Singapore: World oil prices held steady in Asian trade on 30 May after a sharp fall on concerns over falling demand in the United States and other developed countries.
New York’s main oil futures contract, light sweet crude for July delivery, was 17 cents lower at $126.45 a barrel after losing a hefty $4.41 to close at $126.62 per barrel in trading at the New York Mercantile Exchange on 29 May.
Brent North Sea crude for July delivery was 11 cents lower at $126.78 a barrel following a slide of $4.04 to settle at $126.89 dollars on 29 May in London.
The slide in prices came after both contracts struck historic peaks a week ago. Brent hit $135.14 and New York prices reached $135.09 on tight supply fears.
“I guess the market’s sort of factoring in the growing understanding that demand in the US is just not gonna recover,” said Jason Feer, of energy market analysts Argus Media Ltd in Singapore.
Prices initially jumped higher after a weekly report on United States energy stockpiles. Values then tumbled as some analysts questioned if energy demand was dropping amid sky-high prices.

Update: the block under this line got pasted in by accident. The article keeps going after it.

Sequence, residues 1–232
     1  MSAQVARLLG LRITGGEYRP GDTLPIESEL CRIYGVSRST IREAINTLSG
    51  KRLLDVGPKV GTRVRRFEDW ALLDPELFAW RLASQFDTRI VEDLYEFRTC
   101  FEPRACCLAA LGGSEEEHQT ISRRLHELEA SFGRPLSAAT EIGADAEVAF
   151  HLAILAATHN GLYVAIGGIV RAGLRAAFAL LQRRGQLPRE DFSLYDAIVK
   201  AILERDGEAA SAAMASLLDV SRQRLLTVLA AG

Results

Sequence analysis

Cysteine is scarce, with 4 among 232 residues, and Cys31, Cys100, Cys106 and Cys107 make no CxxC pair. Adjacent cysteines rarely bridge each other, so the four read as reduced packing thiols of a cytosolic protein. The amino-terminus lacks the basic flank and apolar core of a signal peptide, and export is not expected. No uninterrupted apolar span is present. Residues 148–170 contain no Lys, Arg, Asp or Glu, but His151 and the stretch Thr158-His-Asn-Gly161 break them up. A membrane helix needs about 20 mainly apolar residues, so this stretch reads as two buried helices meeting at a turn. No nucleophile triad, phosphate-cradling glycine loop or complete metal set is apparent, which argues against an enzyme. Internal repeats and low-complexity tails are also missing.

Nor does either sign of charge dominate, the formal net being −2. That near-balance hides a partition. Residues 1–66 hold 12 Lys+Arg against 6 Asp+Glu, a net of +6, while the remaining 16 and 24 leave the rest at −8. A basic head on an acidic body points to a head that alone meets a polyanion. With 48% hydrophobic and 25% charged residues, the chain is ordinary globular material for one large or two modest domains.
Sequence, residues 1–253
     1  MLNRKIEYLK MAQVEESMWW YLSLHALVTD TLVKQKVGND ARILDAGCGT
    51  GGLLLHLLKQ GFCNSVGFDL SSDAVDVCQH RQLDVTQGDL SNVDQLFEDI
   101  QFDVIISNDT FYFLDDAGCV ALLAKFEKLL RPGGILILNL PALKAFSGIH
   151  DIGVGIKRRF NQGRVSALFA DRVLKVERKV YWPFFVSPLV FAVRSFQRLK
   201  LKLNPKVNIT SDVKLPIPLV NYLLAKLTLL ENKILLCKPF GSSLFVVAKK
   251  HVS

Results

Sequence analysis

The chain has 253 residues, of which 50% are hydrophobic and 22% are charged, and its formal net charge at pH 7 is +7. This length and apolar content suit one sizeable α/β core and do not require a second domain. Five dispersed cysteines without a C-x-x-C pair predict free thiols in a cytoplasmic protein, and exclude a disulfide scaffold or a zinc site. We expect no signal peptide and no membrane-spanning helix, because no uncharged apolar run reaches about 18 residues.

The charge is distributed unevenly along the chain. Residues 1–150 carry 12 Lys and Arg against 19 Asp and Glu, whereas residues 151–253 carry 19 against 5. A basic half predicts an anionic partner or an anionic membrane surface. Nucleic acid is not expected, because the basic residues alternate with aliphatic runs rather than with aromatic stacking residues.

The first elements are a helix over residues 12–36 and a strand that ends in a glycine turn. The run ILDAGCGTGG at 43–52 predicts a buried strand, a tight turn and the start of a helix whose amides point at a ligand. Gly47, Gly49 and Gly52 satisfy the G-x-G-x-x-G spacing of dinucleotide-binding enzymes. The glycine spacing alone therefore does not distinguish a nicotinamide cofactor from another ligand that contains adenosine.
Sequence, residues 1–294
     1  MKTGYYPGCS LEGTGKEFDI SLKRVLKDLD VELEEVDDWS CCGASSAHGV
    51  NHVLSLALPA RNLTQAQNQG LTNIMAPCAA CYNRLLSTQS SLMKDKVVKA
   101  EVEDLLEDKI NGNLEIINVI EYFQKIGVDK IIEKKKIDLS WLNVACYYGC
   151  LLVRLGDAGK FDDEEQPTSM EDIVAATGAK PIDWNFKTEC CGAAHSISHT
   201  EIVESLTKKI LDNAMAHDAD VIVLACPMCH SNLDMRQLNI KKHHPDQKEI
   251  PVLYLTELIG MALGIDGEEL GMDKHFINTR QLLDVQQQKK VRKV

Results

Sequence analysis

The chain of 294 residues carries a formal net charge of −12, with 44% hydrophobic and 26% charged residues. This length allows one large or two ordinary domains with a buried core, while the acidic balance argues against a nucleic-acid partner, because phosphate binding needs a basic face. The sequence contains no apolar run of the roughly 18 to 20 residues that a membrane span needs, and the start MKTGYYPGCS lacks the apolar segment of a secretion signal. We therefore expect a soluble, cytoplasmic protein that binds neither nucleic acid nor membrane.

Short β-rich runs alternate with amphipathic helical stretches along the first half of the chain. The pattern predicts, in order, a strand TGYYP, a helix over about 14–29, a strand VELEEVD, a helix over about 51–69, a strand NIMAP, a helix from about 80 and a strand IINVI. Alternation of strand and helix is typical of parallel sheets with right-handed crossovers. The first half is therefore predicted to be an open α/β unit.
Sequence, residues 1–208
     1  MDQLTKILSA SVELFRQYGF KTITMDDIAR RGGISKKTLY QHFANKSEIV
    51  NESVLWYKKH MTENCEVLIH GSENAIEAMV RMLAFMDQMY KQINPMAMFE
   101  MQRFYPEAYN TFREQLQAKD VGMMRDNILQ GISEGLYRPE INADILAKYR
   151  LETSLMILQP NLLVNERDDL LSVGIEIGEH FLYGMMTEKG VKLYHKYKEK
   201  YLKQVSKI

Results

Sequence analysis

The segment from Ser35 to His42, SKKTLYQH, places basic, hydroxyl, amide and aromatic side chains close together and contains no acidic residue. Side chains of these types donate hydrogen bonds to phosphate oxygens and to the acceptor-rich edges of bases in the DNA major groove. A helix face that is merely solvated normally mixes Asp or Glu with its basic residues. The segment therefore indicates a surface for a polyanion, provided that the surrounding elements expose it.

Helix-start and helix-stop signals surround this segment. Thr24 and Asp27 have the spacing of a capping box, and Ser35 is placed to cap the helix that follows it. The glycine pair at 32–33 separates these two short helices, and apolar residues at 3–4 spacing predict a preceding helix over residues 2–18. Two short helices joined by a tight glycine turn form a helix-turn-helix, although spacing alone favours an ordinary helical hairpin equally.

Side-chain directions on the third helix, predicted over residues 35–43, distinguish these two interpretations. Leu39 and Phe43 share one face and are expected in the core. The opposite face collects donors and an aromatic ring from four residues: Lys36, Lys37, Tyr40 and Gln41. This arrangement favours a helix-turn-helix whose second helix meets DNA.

In its report, the U.S. Department of Energy (DoE) said American crude reserves slumped 8.8 million barrels in the week ending 23 May.
Feer said analysts concluded there had been a problem unloading stocks of crude because of fog at U.S. terminals, and in fact there is a lot of oil “sitting in tankers offshore”.
“Gasoline or petrol stockpiles tumbled 3.2 million barrels,” the DoE said. Market expectations had been for no change. The DoE report was published one day later than usual due to a public holiday in the United States.